Vibration Testing & ASTM D999
Package & Product Vibration Testing
Packages and the products that they protect can be exposed to complex dynamic stresses during transportation as well as other events and environments. Vibration testing controls the input of these stresses and is used to determine the package's ability to function and protect in real world conditions. DDL performs vibration testing on packaging and products to simulate various environments. DDL can also provide shock testing and shock fragility assessment.
There are three general environments that produce vibration and can be considered:
1) Transportation environment
Truck, air and rail transportation each expose packages and products to different vibrational stresses. The anticipated transportation sequence can be simulated in the lab and provide results vital to a package's design and material selection.
2) Operating environment
Many products and their packaging have to survive the exposure to vibration on a regular basis. Electronics that are required to function in vehicles and construction equipment are good examples where the effects of vibration should be considered in the product and package design.
3) Storage environment
Products and their packaging can experience vibration while in a storage environment such as warehouse racks and while resting on certain types of flooring. External factors that can produce this kind of vibration include air conditioning, factory equipment and passing vehicles.
The procedure for this testing involves placing the product or package on a vibration testing table which is driven so the surface of the table vibrates in accordance with an accepted industry standard. The most common types of vibration testing equipment are:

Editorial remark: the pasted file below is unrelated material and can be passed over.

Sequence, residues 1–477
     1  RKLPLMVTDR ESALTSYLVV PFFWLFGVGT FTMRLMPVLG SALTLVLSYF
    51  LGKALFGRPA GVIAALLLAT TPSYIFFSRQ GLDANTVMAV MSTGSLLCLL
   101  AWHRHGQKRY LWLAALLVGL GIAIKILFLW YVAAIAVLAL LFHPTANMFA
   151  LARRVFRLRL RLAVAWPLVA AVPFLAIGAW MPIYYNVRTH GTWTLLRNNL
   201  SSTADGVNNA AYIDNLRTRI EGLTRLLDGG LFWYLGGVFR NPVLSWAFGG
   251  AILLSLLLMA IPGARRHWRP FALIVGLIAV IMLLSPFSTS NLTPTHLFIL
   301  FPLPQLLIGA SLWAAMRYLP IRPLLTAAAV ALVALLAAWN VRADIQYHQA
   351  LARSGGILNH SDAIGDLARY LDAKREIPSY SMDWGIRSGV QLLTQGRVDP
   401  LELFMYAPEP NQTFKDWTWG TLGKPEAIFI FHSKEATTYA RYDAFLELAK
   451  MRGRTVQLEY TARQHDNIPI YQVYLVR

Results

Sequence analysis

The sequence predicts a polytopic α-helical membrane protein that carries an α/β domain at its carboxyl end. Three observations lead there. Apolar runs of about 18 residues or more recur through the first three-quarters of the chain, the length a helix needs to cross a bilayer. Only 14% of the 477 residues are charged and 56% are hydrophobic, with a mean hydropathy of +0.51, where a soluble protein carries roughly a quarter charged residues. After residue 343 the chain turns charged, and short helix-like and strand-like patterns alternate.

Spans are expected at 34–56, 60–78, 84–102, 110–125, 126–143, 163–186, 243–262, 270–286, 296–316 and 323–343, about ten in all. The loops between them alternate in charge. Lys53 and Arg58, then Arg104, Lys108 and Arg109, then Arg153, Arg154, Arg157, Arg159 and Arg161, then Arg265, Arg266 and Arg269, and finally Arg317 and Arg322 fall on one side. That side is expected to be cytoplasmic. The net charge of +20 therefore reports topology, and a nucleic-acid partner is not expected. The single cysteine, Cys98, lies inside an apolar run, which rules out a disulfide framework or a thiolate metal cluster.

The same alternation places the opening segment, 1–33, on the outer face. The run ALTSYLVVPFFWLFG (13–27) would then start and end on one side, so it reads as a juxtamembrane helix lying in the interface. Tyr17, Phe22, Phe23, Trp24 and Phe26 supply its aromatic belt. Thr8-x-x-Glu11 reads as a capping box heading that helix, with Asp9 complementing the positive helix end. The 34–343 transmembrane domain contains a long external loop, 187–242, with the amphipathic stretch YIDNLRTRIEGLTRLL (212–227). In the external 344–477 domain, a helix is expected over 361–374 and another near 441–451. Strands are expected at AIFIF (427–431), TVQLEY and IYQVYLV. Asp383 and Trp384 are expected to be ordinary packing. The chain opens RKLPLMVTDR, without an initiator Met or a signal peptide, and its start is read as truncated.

- Hydraulic Vibration - Used for larger loads and lower frequency testing (1 - 500 HZ)
- Electrodynamic Vibration - Used for higher frequency testing (20 - 10,000 HZ)
Two of the most common vibration testing methods are:
1) Sinusoidal Testing
Sinusoidal vibration testing exposes the test specimen to a constant or slowly changing frequency over time. It is often used to determine a product's or package's resonant (sensitive) frequencies where the specimen is strategically instrumented with an accelerometer. Resonant frequencies can point out weak areas of a design and when addressed, prevent field failures.
2) Random Testing
Random vibration testing is typically used to simulate real world environments. Random testing can be used to duplicate transportation, seismic and operating vibrations.
Many products and packages undergo vibration testing at either extremely hot or extremely cold temperatures. For example, aircraft parts would be tested at very cold temperatures, whereas under-the-hood automotive parts would be tested at a high temperature.
Commonly used industry standards for vibration testing
- ASTM D999 - Vibration testing of shipping containers
- ASTM D3580 - Vibration (vertical sinusoidal motion) test of products
- ASTM D4728 - Random Vibration testing of shipping containers
- ISO 2247 - Vibration test at fixed low frequency
- ISO 8318 - Vibration tests using a sinusoidal variable frequency
- ISO 9022-10 - Combined sinusoidal Vibration, dry heat or cold
- ISO 9022-15 - Combined random vibration wide band: reproductivity medium, in dry heat or cold
- ISO 9022-19 - Temperature cycles combined with sinusoidal or random vibration
- IEC 60068-2-64 -Environmental Testing: Part II, methods, vibration, broad-band random
- EIA-RS-186 - Passive electronic component parts- Method 8- Vibration, High Frequency
- JIS C0040 - Basic Environmental Testing Procedures Part II: Tests, Test Fc and Guidance: Vibration (sinusoidal)
- MIL 167 - Military Standard, mech. vibrations of shipboard equipment
- MIL 810 - Environmental Engineering Considerations and Laboratory Tests
- NAVMAT P-9492 - Temperature Cycling and Random Vibration
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